She later on came to be known as Mother Theresa and she made it her mission to help the poorest of the poor in India.
What is it about Mother Theresa that made her do those things she did and attracted others to follow her and help her in her cause?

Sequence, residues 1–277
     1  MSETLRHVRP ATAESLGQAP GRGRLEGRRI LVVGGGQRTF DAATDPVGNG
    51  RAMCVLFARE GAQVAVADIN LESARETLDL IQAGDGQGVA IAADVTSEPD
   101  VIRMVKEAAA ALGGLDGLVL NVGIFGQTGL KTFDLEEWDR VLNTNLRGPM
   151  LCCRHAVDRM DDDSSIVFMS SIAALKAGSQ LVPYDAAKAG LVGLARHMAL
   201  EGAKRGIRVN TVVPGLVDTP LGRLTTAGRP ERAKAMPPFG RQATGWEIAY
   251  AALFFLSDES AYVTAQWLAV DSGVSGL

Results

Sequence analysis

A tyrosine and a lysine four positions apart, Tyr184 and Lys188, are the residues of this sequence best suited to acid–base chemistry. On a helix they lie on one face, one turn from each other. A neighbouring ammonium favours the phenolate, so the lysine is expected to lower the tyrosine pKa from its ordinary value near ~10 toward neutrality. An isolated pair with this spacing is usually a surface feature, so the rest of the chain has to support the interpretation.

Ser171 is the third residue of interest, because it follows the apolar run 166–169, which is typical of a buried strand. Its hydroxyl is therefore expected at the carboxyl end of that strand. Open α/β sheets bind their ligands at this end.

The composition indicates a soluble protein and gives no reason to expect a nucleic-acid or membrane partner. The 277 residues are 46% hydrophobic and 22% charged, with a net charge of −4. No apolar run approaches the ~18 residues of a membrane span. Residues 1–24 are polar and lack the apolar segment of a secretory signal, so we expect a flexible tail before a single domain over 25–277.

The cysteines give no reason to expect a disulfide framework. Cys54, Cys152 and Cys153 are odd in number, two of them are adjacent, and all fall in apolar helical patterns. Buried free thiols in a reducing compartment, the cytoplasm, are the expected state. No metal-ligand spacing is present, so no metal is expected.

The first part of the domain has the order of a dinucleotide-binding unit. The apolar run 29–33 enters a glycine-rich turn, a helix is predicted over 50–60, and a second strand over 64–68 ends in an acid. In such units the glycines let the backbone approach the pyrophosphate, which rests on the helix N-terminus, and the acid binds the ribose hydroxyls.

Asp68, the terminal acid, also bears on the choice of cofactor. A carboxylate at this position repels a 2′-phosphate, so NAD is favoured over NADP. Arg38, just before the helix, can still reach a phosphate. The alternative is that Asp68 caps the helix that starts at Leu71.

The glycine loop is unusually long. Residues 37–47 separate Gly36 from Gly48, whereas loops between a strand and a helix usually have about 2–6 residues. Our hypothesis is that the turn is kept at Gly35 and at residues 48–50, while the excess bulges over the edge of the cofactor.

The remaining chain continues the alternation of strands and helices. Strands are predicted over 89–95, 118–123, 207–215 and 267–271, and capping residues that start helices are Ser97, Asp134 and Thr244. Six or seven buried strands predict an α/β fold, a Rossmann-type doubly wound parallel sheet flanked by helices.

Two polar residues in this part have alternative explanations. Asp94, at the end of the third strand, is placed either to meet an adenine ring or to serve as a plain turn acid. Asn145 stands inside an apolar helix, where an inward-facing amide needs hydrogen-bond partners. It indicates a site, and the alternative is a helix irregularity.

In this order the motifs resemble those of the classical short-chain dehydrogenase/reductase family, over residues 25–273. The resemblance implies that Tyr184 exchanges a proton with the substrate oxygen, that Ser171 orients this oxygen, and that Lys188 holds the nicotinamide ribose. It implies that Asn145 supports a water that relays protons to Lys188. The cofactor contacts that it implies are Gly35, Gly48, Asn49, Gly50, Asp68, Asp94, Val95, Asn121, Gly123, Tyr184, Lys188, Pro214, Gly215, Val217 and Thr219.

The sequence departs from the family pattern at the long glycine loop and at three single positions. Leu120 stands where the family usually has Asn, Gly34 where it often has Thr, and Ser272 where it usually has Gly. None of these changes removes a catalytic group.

She has what I would call personal leadership. Personal leadership, not positional leadership. She has no formal authority from a position she holds. She’s a regular person like you and me, working in a place, a school just like any organization out there. She is not a manager, she is not a team leader but make no mistake, she is a leader. She exercises her personal leadership. This is something that all of us have and we have a choice whether to embrace it. When we exercise our personal leadership, we are just simply being ourselves, we are just behaving naturally and our focus is to genuinely help others. That’s it. Personal leadership is about helping others, about looking out for the person to the left of you and to the right of you. It’s about caring for your colleagues. When we do this, something magical happens. Trust comes about. When people feel that you genuinely care about them and look out for them, they feel safe. When they feel safe, they start to trust you. When they trust you, they come to you for advice even if you’re not offering it. They listen to you. They would follow your lead. It works the other way too. If you feel your colleague genuinely looks out for your interest, you would trust them too, and follow their lead.